French film festival in Reykjavik

Icelanders are big French film buffs it seems.

Iceland’s major cultural event of the year, attracting around 10,000 people each year to the capital of Reykjavik, is none other than a French film festival. 

Organized by the French Embassy in Reykjavik, Alliance Francaise, and Green Light Films, the festival celebrated its 16th year in 2016.

 The Icelandic horse in France

Photo: Mary Warren

The purebred, hardy little horses that you can find peaceful grazing in fields all around Iceland are the national pride of the country, and the robust breed has now come to France. 

An organization called Pur Cheval has a mission “to make our Icelandic horses shine here in France”, according to their website.

Stop by their headquarters in Breteau in north-central France if you’d like to befriend some of these friendly, stocky horses (and don’t you dare call them ponies).

So what do you think — will host country France triumph on Sunday, or will the lovable underdog Icelanders steal the spotlight once again?

By Katie Warren

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How Britain tried to turn former French president Chirac against the euro

British diplomats tried to establish a "very private link" with former French president Jacques Chirac with the "unavowed aim" of exposing him to the risks of a European currency union, declassified documents revealed Thursday.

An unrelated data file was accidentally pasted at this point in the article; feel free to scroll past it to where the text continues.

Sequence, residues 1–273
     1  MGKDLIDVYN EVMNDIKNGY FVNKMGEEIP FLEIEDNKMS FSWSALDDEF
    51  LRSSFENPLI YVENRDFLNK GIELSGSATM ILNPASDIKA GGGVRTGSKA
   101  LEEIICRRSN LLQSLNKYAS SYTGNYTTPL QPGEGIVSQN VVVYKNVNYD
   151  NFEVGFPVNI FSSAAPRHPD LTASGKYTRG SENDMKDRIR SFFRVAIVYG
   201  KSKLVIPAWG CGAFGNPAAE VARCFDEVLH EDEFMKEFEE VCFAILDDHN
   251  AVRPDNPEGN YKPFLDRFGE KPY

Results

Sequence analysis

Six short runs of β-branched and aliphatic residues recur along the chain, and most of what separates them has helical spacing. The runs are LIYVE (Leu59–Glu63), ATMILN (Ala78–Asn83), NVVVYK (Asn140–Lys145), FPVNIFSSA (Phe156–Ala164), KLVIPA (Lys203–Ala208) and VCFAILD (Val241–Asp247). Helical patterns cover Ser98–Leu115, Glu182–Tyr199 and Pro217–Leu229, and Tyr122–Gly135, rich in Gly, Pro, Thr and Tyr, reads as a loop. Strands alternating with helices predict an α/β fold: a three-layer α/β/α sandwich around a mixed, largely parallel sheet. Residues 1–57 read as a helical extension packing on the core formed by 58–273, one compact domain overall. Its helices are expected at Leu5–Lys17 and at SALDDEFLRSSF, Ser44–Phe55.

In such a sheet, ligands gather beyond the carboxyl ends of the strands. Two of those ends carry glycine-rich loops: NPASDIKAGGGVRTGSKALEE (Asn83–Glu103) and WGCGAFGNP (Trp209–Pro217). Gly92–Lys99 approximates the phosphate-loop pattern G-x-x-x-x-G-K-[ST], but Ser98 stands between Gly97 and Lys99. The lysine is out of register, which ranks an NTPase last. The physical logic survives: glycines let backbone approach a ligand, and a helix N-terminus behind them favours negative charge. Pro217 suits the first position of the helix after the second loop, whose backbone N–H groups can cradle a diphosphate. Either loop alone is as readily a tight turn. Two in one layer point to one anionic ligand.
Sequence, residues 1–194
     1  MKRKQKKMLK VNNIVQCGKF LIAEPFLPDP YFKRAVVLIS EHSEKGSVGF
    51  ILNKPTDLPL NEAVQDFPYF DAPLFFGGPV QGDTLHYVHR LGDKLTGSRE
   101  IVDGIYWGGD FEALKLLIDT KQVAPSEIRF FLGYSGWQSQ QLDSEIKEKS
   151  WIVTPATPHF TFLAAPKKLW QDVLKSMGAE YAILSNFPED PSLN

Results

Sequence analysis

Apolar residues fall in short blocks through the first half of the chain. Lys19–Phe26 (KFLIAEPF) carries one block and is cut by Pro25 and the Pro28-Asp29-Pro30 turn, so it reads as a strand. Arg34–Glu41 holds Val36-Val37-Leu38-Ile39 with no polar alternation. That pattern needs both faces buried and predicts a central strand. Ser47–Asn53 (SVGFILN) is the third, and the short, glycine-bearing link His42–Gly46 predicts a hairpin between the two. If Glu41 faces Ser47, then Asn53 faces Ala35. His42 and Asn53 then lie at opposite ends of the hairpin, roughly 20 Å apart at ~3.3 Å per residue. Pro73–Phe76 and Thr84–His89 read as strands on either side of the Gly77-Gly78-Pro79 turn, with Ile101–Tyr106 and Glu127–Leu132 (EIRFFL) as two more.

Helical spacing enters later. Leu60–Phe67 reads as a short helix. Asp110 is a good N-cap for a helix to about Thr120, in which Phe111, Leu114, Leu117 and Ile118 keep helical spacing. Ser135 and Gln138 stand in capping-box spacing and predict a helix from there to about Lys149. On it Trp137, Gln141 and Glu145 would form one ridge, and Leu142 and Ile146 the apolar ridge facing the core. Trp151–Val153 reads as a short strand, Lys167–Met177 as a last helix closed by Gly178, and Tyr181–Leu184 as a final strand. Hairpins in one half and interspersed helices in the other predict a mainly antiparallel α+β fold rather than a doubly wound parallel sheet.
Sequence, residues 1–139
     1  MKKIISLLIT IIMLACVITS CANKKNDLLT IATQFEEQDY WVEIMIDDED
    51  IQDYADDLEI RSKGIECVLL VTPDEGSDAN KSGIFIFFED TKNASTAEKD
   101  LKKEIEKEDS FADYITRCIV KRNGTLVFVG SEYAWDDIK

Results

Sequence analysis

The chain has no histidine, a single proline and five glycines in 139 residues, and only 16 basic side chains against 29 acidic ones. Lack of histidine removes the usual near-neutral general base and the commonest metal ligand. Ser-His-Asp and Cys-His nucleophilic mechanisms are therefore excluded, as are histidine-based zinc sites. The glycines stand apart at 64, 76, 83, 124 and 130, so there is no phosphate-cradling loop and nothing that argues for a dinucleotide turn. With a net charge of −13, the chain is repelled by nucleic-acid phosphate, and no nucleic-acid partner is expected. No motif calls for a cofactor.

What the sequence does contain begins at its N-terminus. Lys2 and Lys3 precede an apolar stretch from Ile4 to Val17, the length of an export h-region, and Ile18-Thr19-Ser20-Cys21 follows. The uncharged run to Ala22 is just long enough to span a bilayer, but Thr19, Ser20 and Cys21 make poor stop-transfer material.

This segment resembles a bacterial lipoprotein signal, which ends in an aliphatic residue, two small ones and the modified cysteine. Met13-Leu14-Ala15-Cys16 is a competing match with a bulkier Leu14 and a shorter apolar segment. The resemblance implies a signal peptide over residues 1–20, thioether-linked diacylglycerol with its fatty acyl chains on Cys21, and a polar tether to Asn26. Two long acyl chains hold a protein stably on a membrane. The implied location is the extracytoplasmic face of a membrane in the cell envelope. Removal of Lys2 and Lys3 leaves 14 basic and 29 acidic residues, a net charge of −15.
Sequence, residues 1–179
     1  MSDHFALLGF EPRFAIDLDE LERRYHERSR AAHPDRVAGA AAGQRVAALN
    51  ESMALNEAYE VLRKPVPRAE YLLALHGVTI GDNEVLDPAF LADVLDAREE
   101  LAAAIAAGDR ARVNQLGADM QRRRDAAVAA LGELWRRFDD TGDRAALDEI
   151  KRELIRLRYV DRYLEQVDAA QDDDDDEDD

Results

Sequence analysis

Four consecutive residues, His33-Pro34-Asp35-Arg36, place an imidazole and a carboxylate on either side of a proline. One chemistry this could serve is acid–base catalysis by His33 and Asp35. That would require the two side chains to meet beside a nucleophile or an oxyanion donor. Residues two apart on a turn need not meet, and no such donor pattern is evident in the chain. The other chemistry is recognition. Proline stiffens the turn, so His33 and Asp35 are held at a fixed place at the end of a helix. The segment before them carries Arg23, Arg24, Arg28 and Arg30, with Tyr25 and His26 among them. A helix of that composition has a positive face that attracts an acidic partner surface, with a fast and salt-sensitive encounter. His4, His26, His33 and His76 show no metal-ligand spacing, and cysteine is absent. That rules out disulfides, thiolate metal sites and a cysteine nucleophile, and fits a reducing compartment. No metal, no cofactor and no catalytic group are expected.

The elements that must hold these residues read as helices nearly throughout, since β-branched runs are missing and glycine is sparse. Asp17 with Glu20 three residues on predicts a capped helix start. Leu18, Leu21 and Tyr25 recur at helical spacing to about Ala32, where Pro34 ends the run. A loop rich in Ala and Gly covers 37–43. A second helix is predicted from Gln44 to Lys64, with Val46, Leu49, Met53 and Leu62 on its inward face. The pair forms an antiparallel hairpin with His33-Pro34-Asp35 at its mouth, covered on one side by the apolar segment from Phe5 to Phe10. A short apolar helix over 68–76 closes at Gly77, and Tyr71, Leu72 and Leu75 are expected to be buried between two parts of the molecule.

How Britain tried to turn former French president Chirac against the euro
French President Jacques Chirac (L) welcomes British Prime Minister John Major at the Elysee Palace 29 July 1995 in Paris. Photo: AFP
The government files from 1995 document Britain's plan to influence the French president's decision on whether to proceed with the Economic and Monetary Union (EMU), the group of policies that led to the formation of the euro.
“Chirac is alive to the risks of ploughing ahead with the EMU without thinking through the implications,” then British ambassador in Paris Christopher Mallaby wrote to the prime minister at the time, John Major, in a cable outlining his plan to “move the debate in our direction”.
He suggested “establishing a very private link” between Downing Street and Chirac's Elysee palace. 
“The pretext could be private discussions” about currency union, he wrote.
Photo: AFP
“The unavowed aim would be to ensure that Chirac was exposed to the risks of an early move to EMU, including the divisive political effect within the EU,” he added.
Britain never joined the currency union, having infamously been forced to withdraw the pound from a precursor on “Black Wednesday” in 1992 when it could 
not keep sterling above an agreed level, and was keen to stall the move towards a full union.
Mallaby targeted Chirac as a potential ally, saying his “thinking is unformed and influenceable.”
The documents also revealed Chirac's scepticism about European integration.
“He said bluntly that Europe was no longer very popular,” a foreign office cable quoted him as saying at a 1995 heads of government meeting.
The president added that the “EU seemed to be cut off from the real problems affecting the ordinary citizen… and people saw it as a mammoth bureaucracy poking its nose in where it was not needed,” added the memo.
Prime Minister Major replied that “he had been waiting five years to hear someone else say things like this!”, according to the cables.
Major is now a fierce opponent of Brexit, having been fatally damaged in office by internal divisions over his decision to sign Britain up to the Maastricht Treaty in 1992.